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Opinion Red states, don’t expect your forced-birth laws to go unchallenged

Abortion rights supporters demonstrate outside the House chambers in the Indiana Statehouse in Indianapolis on Aug. 2. (Cheney Orr/Reuters)
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Indiana and Idaho, two deep-red states, are now front and center in the battle against forced-birth laws. Those who seek to deprive women of their fundamental rights got a rude awakening from the stunning pro-choice victory in Kansas and the Justice Department’s lawsuit against Idaho’s forced-birth law.

Indiana is poised this week to pass one of the most draconian forced-birth laws in the country. Doctors in the state have been providing abortion for Indiana residents and for women traveling from forced-birth states. That will end if the bill passes.

The bill in its current form would ban abortions from the moment of conception unless “necessary to prevent a substantial permanent impairment of the life” of the woman, or unless performed within 10 weeks of a pregnancy resulting from rape or incest (before many women know they are pregnant). As Katie Watson, a medical ethics professor at Northwestern University, tells me, “It would be barbaric for Indiana to partner with rapists and further traumatize crime victims.” She adds that depriving victims access to abortion would be “a second assault on children and women, this time by the state that is supposed to protect them.”

Moreover, since terms such as “substantial impairment” are not medical terms, doctors will be left to puzzle out what is “necessary” to meet the standard. For example, does increased risk of death from hypertension count?

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The debate in the state legislature was illuminating for Katie McHugh, an Indiana OB/GYN. “While lawmakers prattled on about the future life a fetus might have, there was no talk about the person who is pregnant,” she tells me. "What about the pregnant person’s life and all the important things they’ve already done?” Since the Supreme Court decided women lack fundamental rights, it’s unsurprising that legislators are not focusing on the trauma and suffering they are inflicting.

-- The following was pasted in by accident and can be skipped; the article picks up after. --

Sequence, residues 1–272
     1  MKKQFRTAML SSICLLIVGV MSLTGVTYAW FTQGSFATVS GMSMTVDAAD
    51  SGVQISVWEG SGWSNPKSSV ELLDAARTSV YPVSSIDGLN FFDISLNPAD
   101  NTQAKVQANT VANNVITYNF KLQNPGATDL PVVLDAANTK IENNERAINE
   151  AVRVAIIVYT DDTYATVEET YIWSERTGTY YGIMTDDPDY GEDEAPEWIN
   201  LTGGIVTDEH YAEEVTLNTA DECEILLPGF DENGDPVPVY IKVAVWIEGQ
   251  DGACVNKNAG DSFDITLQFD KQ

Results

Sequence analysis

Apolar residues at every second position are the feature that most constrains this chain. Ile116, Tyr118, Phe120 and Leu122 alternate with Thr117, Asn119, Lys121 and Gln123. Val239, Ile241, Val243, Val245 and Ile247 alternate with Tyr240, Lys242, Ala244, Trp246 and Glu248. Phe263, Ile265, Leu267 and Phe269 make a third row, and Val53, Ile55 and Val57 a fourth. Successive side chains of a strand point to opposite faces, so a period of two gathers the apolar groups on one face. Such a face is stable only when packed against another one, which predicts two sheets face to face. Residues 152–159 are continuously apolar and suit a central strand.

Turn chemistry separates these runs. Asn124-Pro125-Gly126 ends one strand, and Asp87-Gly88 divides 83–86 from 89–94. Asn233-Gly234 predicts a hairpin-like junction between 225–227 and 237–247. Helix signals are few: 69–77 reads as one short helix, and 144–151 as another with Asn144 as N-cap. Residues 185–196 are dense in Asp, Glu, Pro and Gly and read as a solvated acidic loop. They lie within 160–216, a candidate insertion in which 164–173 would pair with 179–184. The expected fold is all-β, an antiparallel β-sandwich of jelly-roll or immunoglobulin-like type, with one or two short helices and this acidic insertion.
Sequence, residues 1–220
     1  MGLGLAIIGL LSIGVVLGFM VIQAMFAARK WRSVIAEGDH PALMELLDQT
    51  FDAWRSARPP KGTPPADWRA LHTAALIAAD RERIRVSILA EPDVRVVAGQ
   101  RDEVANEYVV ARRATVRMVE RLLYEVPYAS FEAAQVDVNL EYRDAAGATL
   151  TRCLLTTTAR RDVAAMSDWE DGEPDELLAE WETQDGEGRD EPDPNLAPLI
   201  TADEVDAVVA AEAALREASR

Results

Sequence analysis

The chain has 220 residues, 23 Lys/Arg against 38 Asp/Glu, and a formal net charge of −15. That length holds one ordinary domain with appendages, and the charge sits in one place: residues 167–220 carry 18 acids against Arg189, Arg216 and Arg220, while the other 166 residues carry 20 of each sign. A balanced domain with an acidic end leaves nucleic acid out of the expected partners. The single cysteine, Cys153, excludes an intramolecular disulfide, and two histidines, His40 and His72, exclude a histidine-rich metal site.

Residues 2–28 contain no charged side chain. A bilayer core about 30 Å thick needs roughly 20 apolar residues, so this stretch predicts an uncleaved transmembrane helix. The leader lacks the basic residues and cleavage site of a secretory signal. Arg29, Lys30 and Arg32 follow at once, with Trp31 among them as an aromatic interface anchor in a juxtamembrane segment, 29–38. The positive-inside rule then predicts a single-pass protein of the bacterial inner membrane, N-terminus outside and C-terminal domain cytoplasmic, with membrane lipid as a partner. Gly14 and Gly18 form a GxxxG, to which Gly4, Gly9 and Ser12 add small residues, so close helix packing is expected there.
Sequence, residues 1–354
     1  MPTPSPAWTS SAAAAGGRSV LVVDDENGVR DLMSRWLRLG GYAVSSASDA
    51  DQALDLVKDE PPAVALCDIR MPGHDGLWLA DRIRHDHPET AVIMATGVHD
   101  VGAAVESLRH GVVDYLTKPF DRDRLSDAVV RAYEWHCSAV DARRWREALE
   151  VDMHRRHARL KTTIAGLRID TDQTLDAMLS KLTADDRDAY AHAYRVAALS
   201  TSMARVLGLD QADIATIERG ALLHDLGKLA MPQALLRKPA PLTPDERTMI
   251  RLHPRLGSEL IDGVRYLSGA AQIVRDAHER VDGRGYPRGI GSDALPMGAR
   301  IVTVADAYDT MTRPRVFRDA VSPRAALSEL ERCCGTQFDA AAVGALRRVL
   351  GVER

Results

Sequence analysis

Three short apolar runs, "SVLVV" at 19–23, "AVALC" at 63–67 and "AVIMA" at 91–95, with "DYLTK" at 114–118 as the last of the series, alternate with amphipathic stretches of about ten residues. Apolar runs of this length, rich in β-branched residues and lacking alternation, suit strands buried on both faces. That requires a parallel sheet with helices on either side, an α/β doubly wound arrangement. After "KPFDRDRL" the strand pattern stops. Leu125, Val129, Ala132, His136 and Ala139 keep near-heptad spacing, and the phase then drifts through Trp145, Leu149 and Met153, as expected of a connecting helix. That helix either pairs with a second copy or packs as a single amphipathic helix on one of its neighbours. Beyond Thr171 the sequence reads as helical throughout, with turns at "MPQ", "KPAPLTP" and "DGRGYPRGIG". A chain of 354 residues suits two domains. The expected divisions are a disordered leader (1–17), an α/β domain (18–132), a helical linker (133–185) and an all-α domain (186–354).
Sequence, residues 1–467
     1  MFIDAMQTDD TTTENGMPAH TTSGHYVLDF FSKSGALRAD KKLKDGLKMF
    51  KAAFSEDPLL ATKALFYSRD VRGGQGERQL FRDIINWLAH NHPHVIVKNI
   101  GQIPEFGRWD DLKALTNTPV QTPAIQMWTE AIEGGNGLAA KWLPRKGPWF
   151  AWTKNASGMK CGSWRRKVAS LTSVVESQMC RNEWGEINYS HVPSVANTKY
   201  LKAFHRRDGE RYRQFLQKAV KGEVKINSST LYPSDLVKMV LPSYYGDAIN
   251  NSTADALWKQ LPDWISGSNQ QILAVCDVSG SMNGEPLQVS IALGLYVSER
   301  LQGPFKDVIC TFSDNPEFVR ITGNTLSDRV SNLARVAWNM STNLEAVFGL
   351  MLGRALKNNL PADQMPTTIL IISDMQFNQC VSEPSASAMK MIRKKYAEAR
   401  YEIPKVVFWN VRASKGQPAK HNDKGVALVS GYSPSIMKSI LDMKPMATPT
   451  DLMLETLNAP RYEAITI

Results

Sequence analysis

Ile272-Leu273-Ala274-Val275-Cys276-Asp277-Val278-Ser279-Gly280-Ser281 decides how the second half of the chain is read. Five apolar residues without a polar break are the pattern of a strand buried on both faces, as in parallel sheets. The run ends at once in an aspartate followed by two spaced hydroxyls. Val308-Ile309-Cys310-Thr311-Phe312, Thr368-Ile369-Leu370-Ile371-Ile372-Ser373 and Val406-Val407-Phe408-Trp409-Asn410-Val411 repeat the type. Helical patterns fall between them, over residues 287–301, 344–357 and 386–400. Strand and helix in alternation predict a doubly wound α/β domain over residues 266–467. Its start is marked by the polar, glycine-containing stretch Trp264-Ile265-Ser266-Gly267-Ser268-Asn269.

If Indiana’s ban passes, women there will join the thousands of Americans in other states stranded and without access to the procedure. McHugh says that on a single day, she provided abortions for patients from Alabama, Tennessee, Ohio, Kentucky and Texas. If the ban passes, she will need to send them and her Indiana patients who don’t qualify for a exception elsewhere, likely Illinois. She has applied for a medical license in Illinois so she can treat patients there. Even still, Illinois clinics will struggle to absorb the thousands of women who will arrive for abortion care.

Jason Willick

counterpointThe democratic lessons of Kansas’s pro-choice upset

In light of the Kansas constitutional initiative’s resounding defeat, Indiana lawmakers should ask themselves: Do they really want to be on the wrong side of an issue that drives so many pro-choice voters to the polls?